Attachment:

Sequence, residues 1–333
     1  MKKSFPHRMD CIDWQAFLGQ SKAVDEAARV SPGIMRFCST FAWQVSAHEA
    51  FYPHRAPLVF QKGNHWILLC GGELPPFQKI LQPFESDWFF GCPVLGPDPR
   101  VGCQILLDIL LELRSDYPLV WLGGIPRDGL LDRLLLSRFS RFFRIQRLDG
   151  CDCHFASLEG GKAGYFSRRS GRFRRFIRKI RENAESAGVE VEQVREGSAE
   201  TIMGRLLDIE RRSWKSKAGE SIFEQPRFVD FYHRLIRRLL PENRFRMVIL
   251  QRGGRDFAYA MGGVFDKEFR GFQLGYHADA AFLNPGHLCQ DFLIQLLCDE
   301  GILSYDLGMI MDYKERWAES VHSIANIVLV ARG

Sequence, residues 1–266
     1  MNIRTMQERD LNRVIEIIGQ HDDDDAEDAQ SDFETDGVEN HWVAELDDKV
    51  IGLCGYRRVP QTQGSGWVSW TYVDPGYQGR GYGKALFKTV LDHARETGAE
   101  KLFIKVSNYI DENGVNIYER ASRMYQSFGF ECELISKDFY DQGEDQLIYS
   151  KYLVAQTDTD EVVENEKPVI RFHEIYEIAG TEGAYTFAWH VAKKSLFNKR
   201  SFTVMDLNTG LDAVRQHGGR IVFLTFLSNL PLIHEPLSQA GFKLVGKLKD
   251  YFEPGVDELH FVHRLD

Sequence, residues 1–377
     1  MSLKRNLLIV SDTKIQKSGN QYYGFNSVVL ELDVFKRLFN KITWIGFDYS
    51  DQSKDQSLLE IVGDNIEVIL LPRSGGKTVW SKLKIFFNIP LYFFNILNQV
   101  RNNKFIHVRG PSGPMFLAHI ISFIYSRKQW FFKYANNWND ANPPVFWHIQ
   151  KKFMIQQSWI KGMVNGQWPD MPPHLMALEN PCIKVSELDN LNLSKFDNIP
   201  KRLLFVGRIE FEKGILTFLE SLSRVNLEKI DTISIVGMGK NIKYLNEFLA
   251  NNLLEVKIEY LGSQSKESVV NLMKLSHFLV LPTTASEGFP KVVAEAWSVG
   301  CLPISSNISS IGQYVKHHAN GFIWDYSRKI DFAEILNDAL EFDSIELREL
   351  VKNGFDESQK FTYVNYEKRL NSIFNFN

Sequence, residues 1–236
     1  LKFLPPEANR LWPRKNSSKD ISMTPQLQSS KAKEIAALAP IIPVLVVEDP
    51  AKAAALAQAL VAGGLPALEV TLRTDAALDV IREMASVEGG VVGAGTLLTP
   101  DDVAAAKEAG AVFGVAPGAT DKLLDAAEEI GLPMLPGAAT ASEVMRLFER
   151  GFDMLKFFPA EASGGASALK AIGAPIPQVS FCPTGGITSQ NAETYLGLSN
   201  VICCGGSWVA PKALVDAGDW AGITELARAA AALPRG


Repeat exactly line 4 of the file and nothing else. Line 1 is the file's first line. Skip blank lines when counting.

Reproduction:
   101  VGCQILLDIL LELRSDYPLV WLGGIPRDGL LDRLLLSRFS RFFRIQRLDG